“How do you SLEEP at night? I’m sure you have a family too and don’t you forget that!”

It was a losing battle. The wanderer’s wife was losing her cool, her dignity and her tact.

The wanderer and his little family through lack of options, proceeded to book his ticket to La Reunion Island for the next morning.

His wife, after saying a few ‘Ohms’ to calm down and wondering why she wasn’t reciting from the Tora, tried to see the bright side.

“Well, Reunion Island is very beautiful, it has active volcanoes and emerald green forests. You might as well enjoy it.”

Early the next morning, the wanderer found himself approaching La Reunion airport, trying halfheartedly to enjoy the spectacular scenery.

He stepped off the plane, famished. A little dazed and confused, he entered the airport building, passed through check in and hurriedly looked for a place to exchange his Rupees and get a simple sandwich.

“Sorry”, an airport official exclaimed in broken English, “no change at this airport, and no change anywhere else, all the banks are closed, it’s a special holiday today, the Queen’s birthday.

“What f…ing Queen? I need something to eat!”

The following 16 hours were spent sitting under a beautiful tree, next to a highway, writing about the pains of existentialism with a desperately rumbling stomach.

After a very long and thoughtful day, the great, burning, golden sun, the light and heat for all living creatures, slumped behind the trees and the wanderer took his leave.

Back at the airport building, he approached a pretty official to stamp his passport.

“You cannot leave La Reunion Sir”

“Excuse me?”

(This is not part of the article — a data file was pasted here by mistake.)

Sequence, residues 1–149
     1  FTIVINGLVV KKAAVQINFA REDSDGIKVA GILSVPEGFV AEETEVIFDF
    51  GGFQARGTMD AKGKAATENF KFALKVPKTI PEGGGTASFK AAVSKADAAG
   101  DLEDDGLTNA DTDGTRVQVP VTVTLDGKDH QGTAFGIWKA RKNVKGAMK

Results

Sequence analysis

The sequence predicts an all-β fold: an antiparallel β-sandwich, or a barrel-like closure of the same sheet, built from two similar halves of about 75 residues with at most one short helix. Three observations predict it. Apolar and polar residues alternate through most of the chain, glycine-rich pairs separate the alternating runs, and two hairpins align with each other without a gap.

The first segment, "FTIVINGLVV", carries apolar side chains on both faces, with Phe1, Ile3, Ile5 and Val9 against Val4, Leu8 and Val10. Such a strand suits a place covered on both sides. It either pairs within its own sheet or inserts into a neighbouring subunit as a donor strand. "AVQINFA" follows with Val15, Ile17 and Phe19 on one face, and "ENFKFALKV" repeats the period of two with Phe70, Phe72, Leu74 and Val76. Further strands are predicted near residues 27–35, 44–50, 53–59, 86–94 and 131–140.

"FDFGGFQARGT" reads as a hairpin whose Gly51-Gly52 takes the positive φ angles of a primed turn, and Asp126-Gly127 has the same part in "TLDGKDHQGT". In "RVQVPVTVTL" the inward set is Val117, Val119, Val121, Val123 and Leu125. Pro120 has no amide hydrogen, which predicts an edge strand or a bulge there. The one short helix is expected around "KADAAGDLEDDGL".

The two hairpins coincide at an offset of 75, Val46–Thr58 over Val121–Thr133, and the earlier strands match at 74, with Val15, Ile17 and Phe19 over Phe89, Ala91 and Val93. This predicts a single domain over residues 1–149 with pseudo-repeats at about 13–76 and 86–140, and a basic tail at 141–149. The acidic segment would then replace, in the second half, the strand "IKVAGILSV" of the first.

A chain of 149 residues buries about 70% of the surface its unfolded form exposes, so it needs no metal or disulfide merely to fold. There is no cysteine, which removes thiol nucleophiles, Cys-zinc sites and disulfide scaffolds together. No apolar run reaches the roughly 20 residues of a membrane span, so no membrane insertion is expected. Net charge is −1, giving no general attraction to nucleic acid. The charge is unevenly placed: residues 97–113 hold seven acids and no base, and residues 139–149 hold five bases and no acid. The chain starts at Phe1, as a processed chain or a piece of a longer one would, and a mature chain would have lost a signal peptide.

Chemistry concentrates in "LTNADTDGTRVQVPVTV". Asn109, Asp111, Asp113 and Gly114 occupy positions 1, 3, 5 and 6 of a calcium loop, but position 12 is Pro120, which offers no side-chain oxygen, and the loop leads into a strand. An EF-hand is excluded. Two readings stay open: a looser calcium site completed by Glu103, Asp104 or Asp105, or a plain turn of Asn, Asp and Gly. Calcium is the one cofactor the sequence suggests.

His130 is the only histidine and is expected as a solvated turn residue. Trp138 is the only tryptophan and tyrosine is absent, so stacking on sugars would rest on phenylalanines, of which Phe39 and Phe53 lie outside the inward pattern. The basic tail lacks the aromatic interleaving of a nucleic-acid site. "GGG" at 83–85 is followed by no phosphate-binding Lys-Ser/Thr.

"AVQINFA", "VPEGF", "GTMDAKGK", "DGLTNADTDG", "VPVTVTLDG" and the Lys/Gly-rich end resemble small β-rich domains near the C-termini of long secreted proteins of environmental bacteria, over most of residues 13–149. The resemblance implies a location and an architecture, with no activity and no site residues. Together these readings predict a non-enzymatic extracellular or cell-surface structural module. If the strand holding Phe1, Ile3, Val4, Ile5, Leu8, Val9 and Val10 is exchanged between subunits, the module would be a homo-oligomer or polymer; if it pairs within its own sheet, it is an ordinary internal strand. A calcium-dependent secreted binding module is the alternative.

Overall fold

“You need an onward ticket from Mauritius”.

“But I have an onward ticket, back to South Africa, open for a year”.

“That’s not good Sir, as your visa is not for a year.

You will have to buy another ticket out of Mauritius.”

The wanderer tried not to cry.

“Try talking to Mauritius airlines around the corner, maybe they can help you.”

He dragged himself around the corner, thinking thoughts of doom.

“Good evening,” he began, and explained his latest ridiculous predicament.

The sympathetic and helpful official called her supervisor and tried to find a way out.

“You will have to buy another ticket out Sir.”

“But I have no Euro’s, only Rupees, and no place to exchange.”

“Oh, she exclaimed, no money? That is a problem”.

After finding no solution to the absurdities, the officials gave up, and stamped his passport.

The wanderer flopped onto his seat on the plane and begged for something to drink and maybe a peanut or two.

He opened his notebook and continued to write, trying to make sense of his life. He felt as long as he kept writing, he could look at it all from the outside, watch his own movie and laugh. He came to expect the unexpected and instead of grounding him, it gave him wings, to fly above it all.

Click here to download a PDF of the May edition of the Chronicle
Click here to read the editor’s column for May
Click here to read more by Maiyan Karidi